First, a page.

Ministers have pledged that people will see their health and social care 'better joined up' and be reassured that they will not have to pay 'astronomical care costs', following the publication of the Care Bill last week.
The government has pledged that 'the gap will be closed' by 2018.
The Care Bill has been drawn up to help drive quality of care, following the findings of the Francis Inquiry into events at Mid-Staffordshire NHS Foundation Trust. It will also include improvements to the care system following a consultation with people and organisations across the health and care system. The Bill will create a single law that replaces more than a dozen pieces of legislation dating back to the post-war period.
The Bill promised no one will have to sell their home in their lifetime to pay for the costs of living in a care home later in life. The government has also set a cap of on what ministers have described as 'reasonable care costs' and financial support for more people. The cap has not yet been decided and it is understood it will be means tested and set to different levels for various age groups.
The government is also introducing Ofsted-style ratings for hospitals and care homes, making quality as important as finance during inspections and strengthening training for staff.
It is hoped the Bill will join up care, by enshrining in law that everyone should have a personal care plan, access to a personal budget and that carers, for the first time, will have a right to get support themselves if they are found to have eligible needs. There will also be a national minimum eligibility threshold across the country.
The Bill introduces a legal right for everyone with a care and support plan (or support plan) to have a personal budget, which they can receive as a direct payment.
A focus on people's wellbeing will see more done to keep people well. This will include a more all-encompassing assessment process that considers a person's capabilities and what they can achieve themselves.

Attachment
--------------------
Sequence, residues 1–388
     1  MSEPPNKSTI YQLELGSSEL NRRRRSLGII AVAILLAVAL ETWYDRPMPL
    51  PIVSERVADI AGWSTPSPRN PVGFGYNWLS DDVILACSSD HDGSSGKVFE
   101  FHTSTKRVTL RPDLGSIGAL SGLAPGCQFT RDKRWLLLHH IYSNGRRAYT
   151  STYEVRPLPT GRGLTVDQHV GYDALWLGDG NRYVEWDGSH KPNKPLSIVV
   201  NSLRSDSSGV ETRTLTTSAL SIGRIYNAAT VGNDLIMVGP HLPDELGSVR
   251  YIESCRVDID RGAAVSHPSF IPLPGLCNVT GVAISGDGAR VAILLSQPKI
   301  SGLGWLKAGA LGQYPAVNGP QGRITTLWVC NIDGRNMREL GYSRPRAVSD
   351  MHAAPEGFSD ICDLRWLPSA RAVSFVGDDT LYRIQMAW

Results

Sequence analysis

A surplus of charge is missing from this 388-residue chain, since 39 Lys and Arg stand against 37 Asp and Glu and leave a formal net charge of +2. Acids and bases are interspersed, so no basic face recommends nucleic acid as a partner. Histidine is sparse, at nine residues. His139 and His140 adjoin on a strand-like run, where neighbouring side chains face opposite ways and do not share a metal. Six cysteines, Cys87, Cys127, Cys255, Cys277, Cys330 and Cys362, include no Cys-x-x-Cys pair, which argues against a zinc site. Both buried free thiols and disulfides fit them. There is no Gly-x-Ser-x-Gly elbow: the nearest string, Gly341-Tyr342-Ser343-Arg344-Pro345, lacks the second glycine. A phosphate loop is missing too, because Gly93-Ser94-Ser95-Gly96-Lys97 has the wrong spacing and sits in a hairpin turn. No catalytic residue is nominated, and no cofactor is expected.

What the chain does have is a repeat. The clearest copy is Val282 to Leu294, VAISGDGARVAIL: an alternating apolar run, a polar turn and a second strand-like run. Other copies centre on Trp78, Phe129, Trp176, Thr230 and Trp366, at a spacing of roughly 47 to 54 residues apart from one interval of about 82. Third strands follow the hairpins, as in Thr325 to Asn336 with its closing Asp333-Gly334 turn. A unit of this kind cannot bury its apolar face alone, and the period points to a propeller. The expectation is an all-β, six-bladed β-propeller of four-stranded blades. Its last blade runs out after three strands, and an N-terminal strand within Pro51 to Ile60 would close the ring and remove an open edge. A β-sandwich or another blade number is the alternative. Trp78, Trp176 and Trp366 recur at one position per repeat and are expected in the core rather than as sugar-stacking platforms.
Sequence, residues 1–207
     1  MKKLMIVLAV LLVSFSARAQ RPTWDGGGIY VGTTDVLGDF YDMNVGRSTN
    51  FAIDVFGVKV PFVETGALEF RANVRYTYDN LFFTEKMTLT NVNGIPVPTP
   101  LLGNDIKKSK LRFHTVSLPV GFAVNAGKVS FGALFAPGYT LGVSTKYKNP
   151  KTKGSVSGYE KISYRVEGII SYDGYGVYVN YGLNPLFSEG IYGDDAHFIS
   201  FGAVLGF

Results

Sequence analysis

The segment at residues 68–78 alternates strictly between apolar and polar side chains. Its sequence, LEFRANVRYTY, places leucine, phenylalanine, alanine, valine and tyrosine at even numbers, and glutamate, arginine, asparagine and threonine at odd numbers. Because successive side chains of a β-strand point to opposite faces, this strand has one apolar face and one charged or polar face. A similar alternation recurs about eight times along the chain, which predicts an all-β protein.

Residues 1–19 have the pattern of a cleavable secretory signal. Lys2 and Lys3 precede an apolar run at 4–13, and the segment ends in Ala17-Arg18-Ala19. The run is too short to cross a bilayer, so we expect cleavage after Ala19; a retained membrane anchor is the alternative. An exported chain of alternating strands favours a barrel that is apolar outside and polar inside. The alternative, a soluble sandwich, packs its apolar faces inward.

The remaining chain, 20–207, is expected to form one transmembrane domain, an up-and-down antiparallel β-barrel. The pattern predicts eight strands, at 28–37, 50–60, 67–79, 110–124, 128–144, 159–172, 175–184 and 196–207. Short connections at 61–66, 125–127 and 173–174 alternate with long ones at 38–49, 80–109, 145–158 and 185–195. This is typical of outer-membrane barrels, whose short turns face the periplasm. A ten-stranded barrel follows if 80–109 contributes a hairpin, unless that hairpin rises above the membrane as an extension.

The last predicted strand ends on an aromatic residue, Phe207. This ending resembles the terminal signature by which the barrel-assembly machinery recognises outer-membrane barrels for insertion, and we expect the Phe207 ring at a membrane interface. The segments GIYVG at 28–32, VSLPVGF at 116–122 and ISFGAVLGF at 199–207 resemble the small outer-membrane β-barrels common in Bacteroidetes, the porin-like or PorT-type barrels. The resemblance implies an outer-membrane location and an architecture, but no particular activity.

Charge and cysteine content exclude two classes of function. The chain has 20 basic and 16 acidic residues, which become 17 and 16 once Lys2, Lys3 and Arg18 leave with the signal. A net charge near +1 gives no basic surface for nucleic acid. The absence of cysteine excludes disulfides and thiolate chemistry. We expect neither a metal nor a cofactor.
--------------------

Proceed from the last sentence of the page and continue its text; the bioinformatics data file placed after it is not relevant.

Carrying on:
Launching the Bill on Friday care services minister Norman Lamb also confirmed the creation of the chief inspector role for hospitals and that the CQC would be afforded 'stronger' powers to expose poor care.
Mr Lamb said: 'For the first time in a generation we are addressing the pressing need to support people when they reach crisis point and need help most. People will finally be able to plan for their later years and not have to fear being saddled with catastrophic costs to pay for care.'
The news comes as figures show elderly hospital patients are facing increasing delays for social care help.
The analysis of government figures by Age UK showed that hospital patients were waiting for more than 30 days on average for a care home place - 13% longer than three years ago.
Michelle Mitchell, charity director general of Age UK, welcomed Mr Lamb's announcement. She said: 'Waiting in hospital needlessly not only wastes NHS resources but it can also undermine an older person's recovery and be profoundly upsetting for them and their families as a result.
'We are very worried that the growing crisis in social care is having a significant impact on the length of time that older people are having to stay in hospital waiting for social care support to be put in place.
'The steep rise in the length of time people are waiting for a care home place, home care or adaptations - significantly above the general rise in delayed discharge waits - suggests that something has gone seriously wrong in the transition from hospital to home or residential care during the time when we know social care spending has fallen dramatically.
'We need the Care Support Bill to be twinned with both an emergency injection of funds to shore up the current system and a long term commitment to finding sufficient resources to make sure that every older person gets the care they need, when they need it.'